The length of time from the date of diagnosis for a disease, such as cancer, that patients diagnosed with the disease are still alive. In a clinical trial, measuring the survival is one way to see how well a new treatment works. Also called ‘overall survival’ or ‘OS’.

Routes to Diagnosis

Under the ‘Routes to Diagnosis’ tab in the Brain Tumour Data Dashboard, you can explore the ways patients have been diagnosed with brain tumours. There are many ways, or routes, for cancers to be diagnosed in the NHS. A ‘route to diagnosis’ is the series of events between a patient and the healthcare system that leads to a diagnosis of cancer. The routes include:

  1. Two Week Wait

Patients are urgently referred by their GP for suspected cancer via the Two Week Wait system and are seen by a specialist within 2 weeks where they are diagnosed.

  1. GP referral

Diagnosis via a GP referral includes routine and urgent referrals where the patient was not referred under the Two Week Wait system.

  1. Emergency Presentation

Cancers can be diagnosed via emergency situations such as via A&E, emergency GP referral, emergency transfer or emergency admission.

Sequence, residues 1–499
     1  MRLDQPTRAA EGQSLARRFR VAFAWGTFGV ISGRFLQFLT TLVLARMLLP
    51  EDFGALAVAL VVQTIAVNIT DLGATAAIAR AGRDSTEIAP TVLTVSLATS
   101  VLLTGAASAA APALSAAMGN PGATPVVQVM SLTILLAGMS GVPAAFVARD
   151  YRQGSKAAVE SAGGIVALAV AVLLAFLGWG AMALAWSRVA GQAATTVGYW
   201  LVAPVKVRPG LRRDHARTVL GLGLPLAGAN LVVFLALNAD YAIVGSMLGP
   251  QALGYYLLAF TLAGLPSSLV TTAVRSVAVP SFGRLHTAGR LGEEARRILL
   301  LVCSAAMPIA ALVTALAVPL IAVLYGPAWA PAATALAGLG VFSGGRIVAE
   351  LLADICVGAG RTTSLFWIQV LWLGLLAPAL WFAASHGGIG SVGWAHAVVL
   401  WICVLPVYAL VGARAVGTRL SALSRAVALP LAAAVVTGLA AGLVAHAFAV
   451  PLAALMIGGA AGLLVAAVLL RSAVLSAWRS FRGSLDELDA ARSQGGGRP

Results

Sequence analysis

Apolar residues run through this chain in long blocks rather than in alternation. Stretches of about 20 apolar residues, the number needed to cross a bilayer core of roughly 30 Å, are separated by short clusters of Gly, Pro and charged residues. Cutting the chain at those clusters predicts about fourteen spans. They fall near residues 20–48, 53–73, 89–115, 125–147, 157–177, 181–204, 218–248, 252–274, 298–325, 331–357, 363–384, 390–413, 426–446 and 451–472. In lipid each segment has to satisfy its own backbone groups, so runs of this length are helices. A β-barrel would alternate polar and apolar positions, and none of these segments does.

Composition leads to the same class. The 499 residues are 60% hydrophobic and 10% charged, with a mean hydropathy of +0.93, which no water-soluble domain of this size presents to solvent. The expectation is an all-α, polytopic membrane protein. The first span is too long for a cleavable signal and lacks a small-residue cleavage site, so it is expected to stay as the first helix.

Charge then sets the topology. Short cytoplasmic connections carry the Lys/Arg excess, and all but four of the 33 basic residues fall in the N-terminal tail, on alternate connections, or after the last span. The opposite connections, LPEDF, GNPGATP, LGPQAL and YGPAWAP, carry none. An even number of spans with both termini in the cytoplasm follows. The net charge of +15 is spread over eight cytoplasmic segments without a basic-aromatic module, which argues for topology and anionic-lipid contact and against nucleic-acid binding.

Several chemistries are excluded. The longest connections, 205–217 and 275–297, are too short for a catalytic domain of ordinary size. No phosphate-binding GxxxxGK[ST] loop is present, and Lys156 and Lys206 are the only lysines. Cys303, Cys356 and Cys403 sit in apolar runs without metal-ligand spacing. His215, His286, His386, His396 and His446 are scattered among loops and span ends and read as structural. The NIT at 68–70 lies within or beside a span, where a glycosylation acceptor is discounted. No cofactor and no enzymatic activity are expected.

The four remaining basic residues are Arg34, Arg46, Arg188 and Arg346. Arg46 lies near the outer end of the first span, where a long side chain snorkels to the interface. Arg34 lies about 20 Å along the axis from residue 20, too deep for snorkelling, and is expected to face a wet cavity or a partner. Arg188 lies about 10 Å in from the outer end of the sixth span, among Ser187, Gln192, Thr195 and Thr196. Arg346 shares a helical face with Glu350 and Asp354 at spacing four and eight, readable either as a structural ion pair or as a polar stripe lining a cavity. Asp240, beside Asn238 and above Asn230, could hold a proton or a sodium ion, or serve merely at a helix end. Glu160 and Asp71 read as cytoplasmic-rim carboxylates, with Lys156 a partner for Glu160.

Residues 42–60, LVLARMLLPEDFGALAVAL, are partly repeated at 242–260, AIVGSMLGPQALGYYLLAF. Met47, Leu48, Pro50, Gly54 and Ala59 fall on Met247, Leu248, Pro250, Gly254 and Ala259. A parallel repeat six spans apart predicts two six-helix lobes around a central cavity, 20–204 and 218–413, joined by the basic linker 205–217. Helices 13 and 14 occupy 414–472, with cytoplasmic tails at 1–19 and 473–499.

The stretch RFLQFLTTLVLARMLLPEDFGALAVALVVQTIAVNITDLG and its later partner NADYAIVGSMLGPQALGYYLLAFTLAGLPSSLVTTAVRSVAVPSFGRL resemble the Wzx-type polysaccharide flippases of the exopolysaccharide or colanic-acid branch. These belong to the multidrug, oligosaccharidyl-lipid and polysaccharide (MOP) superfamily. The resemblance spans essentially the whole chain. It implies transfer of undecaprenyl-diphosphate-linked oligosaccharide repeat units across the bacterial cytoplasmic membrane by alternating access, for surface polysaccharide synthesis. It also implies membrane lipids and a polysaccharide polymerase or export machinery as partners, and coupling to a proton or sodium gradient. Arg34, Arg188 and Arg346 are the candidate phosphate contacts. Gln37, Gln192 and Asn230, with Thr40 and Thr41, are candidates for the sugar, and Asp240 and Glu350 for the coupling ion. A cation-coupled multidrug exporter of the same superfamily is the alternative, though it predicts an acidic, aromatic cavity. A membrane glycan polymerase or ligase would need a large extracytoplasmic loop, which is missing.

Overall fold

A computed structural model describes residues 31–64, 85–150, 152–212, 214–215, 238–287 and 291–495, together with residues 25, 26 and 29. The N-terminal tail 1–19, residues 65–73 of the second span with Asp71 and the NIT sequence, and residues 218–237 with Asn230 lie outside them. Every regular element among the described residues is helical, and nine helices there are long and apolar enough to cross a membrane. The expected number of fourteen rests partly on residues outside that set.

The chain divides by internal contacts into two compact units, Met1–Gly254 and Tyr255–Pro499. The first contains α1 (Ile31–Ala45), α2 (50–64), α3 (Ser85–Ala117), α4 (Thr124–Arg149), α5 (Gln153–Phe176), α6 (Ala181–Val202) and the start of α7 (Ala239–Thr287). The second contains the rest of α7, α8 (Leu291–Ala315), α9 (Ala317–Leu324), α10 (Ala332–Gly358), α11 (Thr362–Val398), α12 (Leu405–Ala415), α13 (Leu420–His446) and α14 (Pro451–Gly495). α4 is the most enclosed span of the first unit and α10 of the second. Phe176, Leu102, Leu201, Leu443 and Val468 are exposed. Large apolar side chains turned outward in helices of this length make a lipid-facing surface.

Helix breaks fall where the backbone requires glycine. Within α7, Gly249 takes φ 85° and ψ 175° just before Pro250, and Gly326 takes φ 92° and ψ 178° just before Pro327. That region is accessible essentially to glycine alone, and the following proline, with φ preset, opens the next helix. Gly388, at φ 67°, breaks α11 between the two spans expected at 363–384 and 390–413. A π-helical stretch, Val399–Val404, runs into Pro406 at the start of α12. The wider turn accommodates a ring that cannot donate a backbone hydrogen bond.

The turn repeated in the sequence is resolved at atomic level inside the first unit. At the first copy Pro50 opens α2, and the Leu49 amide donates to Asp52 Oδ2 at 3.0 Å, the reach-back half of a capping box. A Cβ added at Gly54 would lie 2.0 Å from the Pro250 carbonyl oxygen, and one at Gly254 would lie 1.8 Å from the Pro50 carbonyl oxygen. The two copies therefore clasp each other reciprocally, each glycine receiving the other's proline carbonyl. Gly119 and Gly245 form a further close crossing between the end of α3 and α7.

1. Outpatient

Outpatient cancer diagnoses include diagnoses via an elective route which started with an outpatient appointment that is either a self-referral or consultant to consultant referral. (It does not include those under the Two Week Wait referral system).

  1. Inpatient elective

Diagnosis via an inpatient elective route is where diagnosis occurs after the patient has been admitted into secondary care from a waiting list, or where the admission is booked or planned.

  1. Death Certificate Only

Diagnoses made by Death Certificate Only are made where there is no more information about the cancer diagnosis other than the cancer related death notifications. The date of diagnosis is the same as that of the date of death.

  1. Unknown

For some patients with a cancer diagnosis, there is no relevant data available to understand the route to diagnosis.


More information

If any of the statistical terms in this section of the brainstrust website are hard to understand, we recommend looking them up here:

Cancer Research UK’s Cancer Statistics Explained

If you are looking for help understanding terms relating specifically to brain tumours, and treatment, then the brainstrust glossary is available here: